"The evidence went to prove that the defendants had gaming parties at their different houses in rotation; and, that when they met at Lady B.'s, the witnesses used to wait upon them in the gambling room, and that they played at E. O., Rouge et Noir, &c., from about eleven or twelve till three or four o'clock in the morning. After hearing counsel the Magistrates convicted Henry Martindale in the penalty of £200, and each of the ladies in £50. The information against Mr Concannon was quashed, on account of his being summoned by a wrong Christian name.”

Gillray improved this occasion, giving us "Discipline à la Kenyon," and drew Lady Buckinghamshire tied to the tail of a cart, on which is a placard, "FARO'S DAUGHTERS BEWARE" the Lord Chief Justice is depicted as administering a sound flogging both with birch and cat-o'-nine-tails to the delinquent lady, whilst Lady Luttrell and Mrs Sturt stand in the pillory guarded by a stalwart constable.

These ladies do not seem to have survived the century, for the Morning Post of Jan. 12, 1800, says: "Society has reason to rejoice in the complete downfall of the Faro Dames, who were so long the disgrace of human nature. Their die is cast, and their odd tricks avail no longer. The game is up, and very few of them have cut with honours." Mrs Concannon still kept on, but not in London, as is seen by the following paragraph. Morning Herald, 18th Dec. 1802: "The visitors to Mrs Concannon's petits soupers at Paris, are not attracted by billets previously circulated, but by cards, afterwards dealt out in an elegant and scientific manner; not to mince the matter, they are the rendezvous of deep play and the only questionable point about the matter is, whether the Irish or the French will prove victors at the close of so desperate a winter's campaign."

The following extracts from The Times tell us much about the fashionable professional lady gamblers :

"Feb. 5, 1793. Mrs Sturt's house in St James Square was opened yesterday evening, for the first time this season, for public play. The visitors were numerous."

"Feb. 6, 1793. Some of the Faro ladies have opened their play-houses, and announced the Road to Ruin until further notice. The Gamesters was publicly rehearsed in St James Square on Monday night.”

"Feb. 10, 1793. The profits of FARO are become so considerably reduced that most of the Banks now lose almost every evening, after defraying the expenses of the house, which are very considerable. Those public spirited Ladies who give such frequent routs, do so at a certain gain : for the sum of TWENTY-FIVE guineas is regularly advanced

by the bank holders towards the night's expenses. The punters at Mrs HOBART'S and Mrs STURT'S Faro banks have dropped off considerably; and those who continue are got so knowing that heavy complaints are made that they bring no grist to the mill. There have not been above eight punters at Mrs STURT's bank any night this season. The pigeons are all flown, and the punters are nothing better than hawks."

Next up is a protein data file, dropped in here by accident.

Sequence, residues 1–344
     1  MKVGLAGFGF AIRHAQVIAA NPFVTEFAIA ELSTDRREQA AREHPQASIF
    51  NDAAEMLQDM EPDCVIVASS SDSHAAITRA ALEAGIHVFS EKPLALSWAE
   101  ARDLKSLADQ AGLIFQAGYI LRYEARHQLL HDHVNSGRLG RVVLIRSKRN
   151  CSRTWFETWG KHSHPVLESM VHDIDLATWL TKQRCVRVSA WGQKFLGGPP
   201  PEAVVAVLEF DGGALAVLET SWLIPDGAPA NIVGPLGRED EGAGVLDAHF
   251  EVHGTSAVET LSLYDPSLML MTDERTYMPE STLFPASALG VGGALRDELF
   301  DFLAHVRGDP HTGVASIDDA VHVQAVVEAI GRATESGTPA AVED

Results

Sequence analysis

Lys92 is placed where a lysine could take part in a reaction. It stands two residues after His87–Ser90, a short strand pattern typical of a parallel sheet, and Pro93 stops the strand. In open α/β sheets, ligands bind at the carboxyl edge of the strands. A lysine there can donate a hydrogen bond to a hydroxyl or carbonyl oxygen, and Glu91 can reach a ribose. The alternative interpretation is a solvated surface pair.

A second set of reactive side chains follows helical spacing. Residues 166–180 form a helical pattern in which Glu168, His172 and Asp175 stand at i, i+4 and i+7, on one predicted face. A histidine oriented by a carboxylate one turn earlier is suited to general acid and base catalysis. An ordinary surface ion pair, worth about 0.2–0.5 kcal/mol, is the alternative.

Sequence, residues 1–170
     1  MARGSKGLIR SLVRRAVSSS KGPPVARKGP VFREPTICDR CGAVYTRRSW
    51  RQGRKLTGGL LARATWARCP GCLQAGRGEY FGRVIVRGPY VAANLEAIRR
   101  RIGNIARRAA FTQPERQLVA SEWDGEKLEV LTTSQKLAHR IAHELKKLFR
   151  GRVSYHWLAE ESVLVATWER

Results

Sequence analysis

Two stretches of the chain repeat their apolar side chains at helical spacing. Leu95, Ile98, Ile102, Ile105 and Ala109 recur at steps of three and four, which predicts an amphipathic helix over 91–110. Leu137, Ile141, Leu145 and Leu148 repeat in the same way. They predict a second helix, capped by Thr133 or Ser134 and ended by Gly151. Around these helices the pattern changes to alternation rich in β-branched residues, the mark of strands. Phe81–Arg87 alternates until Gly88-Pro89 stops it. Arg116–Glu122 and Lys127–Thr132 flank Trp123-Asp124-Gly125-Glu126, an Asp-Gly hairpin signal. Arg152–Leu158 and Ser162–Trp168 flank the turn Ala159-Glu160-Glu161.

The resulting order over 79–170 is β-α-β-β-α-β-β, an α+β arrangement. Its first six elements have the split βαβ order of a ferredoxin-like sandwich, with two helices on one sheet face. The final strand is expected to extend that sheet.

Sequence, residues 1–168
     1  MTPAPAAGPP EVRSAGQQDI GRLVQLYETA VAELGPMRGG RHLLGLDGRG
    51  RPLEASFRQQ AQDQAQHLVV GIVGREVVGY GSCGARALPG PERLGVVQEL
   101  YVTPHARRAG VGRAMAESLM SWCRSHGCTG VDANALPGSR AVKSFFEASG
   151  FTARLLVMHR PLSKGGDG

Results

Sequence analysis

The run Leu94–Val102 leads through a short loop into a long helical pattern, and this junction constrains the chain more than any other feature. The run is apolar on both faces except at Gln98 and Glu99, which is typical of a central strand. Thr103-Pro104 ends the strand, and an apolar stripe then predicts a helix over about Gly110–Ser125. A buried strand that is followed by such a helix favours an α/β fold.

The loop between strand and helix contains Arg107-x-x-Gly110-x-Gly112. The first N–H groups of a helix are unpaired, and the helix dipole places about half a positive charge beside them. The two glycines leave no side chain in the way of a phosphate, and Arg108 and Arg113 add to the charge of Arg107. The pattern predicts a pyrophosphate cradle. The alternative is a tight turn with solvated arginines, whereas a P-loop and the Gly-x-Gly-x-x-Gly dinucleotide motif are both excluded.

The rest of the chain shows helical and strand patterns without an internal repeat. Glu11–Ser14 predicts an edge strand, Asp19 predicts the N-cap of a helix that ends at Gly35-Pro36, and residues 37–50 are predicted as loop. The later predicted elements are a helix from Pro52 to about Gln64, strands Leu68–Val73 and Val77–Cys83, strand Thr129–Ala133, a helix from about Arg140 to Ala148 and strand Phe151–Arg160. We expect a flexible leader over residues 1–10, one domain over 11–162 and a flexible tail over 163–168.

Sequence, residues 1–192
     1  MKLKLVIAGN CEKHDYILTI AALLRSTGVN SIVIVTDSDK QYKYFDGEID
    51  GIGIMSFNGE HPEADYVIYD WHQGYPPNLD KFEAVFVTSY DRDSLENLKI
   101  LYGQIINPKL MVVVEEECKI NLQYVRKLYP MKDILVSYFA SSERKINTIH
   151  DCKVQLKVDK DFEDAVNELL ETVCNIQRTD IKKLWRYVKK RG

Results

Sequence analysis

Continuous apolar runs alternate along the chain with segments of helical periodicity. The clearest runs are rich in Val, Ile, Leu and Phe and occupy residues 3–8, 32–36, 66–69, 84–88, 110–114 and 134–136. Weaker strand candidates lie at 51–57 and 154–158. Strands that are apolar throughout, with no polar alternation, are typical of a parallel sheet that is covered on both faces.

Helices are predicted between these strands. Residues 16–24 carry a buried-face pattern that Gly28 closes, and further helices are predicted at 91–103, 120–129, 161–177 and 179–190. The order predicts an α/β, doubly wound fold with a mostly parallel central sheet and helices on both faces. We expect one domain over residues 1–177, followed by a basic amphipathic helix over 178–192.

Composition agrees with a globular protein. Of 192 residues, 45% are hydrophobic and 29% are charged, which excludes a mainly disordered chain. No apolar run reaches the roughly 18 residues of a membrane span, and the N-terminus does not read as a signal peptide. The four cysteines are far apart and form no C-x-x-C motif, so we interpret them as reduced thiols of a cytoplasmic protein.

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14 Mar. 1793. The BANKING Ladies in St James Square do not see themselves much obliged to the Abbé de St Farre, and his brother, for introducing so many noble Emigrants to their houses. These people come with their crown pieces and half guineas, and absolutely form a circle round the Faro tables, to the total exclusion of our English Lords and Ladies, who can scarcely get one punt during the whole evening."

"2 May 1793. A Banking Lady, in St James Square, is about to commence a prosecution, because it is said, that there was much filching at her FARO table. The house was quite in an uproar, on Tuesday night, in consequence of a paragraph that appeared in a Morning Paper of the preceding day. The Lady vows she will call in the aid of an Attorney to support her reputation: and observes, that the credit of her house will suffer, if such reports are permitted to go unpunished. The Faro Ladies are, in the sporting phrase, almost done up. Jewels, trinkets, watches, laces, &c., are often at the pawnbrokers, and scarcely anything is left to raise money upon except their pads.1 If justice is to be hoodwinked, and gambling and sharking permitted, why not make it an article of revenue, as in foreign countries, and lay a heavy tax on it."

"2 Apr. 1794. Lord HAMPDEN'S Faro Bank is broken up for the present season. Lady Buckinghamshire, Mrs Sturt and Mrs Concannon alternately divide the Beau monde at their respective houses. Instead of having two different hot suppers at one and three in the morning, the Faro

1 Ladies then wore their hair very high-combed over pads of horse hair.